T’rumah and the Making of Beautiful Things

Last week, we read one of my favorite passages in Torah –  T’rumah. I fell in love with this parsha over fifteen years ago. I remember that my enthusiasm and delight surprised most of my then congregants, who complained when we met for Torah study that the text was repetitive and boring.

“It’s magical,” I insisted. “It is filled with color and scents. Everything, everything is made by human beings who long to engage in a delightful excess of thanks, of creative energy. It’s inspiring!”

The tabernacle, I would point out, is made of every single kind of art. Who created a lampstand fashioned in metal and adorned in nature – petals winding about its seven branches and cups fashioned in the form of almond blossoms? Who stitched draperies made of fine twisted linen, in the richest and deepest shades of purple and blue and wine-red? Who hammered out the gold clasps used to hold cloth together? The work of our ancestors’ hands is described here, and it is amazing.

Once my son, Erik, told me that my little business on Etsy, Not My Brother’s Kippah, was one of the most powerful parts of my rabbinic calling.

The most magical havdalah tallit I ever made…using a vintage sari!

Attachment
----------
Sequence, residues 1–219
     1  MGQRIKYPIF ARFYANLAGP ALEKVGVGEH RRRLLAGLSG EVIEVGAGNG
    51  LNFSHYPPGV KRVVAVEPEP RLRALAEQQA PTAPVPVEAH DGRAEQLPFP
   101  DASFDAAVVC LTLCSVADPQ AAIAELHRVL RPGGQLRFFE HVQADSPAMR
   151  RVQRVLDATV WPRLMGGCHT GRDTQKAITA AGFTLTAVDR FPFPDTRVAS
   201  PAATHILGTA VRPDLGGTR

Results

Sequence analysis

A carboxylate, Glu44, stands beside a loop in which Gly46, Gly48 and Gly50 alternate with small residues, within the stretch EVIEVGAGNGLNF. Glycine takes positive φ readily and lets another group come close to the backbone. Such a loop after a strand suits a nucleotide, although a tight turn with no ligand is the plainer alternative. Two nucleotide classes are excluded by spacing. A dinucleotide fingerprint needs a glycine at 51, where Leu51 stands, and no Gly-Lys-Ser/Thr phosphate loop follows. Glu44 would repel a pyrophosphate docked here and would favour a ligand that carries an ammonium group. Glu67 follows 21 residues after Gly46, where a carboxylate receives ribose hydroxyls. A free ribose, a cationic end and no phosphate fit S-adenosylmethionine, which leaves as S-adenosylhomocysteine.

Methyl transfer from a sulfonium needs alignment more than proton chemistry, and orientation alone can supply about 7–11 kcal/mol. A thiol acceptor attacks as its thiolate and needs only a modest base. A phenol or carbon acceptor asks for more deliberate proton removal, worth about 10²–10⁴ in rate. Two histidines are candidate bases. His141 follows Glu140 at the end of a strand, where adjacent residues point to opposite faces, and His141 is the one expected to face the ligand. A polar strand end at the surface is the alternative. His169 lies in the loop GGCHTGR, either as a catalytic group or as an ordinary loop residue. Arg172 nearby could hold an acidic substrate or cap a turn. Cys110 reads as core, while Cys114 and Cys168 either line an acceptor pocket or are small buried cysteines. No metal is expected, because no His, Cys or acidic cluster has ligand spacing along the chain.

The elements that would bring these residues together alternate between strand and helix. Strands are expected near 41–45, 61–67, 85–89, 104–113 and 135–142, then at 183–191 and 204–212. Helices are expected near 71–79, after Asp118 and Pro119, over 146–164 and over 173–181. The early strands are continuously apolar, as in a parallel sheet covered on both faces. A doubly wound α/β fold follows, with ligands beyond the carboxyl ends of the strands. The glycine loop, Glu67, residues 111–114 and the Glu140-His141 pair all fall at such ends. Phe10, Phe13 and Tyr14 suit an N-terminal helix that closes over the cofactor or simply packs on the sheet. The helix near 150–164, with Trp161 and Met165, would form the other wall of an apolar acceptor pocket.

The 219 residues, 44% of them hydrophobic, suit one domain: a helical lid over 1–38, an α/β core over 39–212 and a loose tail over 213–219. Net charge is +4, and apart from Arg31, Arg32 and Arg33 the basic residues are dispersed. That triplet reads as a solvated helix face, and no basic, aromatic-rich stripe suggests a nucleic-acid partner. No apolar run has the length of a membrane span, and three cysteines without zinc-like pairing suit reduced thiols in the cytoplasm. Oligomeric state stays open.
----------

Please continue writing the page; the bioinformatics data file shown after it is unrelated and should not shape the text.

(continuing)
Certainly, almost as soon as I entered rabbinical school, I started making kippot, and then tallitot. My first efforts were all gifts. They were meant to redress a problem: in those days, my fellow female students mostly purchased either a flimsy wire kippah or wrapped their heads in a scarf.

The most magical Star of David I ever found…

Since then, though, I’ve made a number of tallitot for transgender teenagers who otherwise felt confined in a market that catered entirely to a binary reading of human needs – products that were clearly marked for “boys” or “girls.” Gender is no longer defining who visits my site or purchases my work.

Among all those kippot, tallitot, tallit bags, and the like that I have made, I have loved most the sense of magic in the making. There is always a dance going on, a dance of light, of color, of touch, of symbol in every stitch. When I reuse fabrics or scraps of the same, or otherwise rely on recycled materials, I know that my making can respond to the needs of a planet suffering from the horrific waste and pollution the fashion industry engenders. If I am going to create, I want to think about how to do that sustainably.

Magical Tree of Life Kippah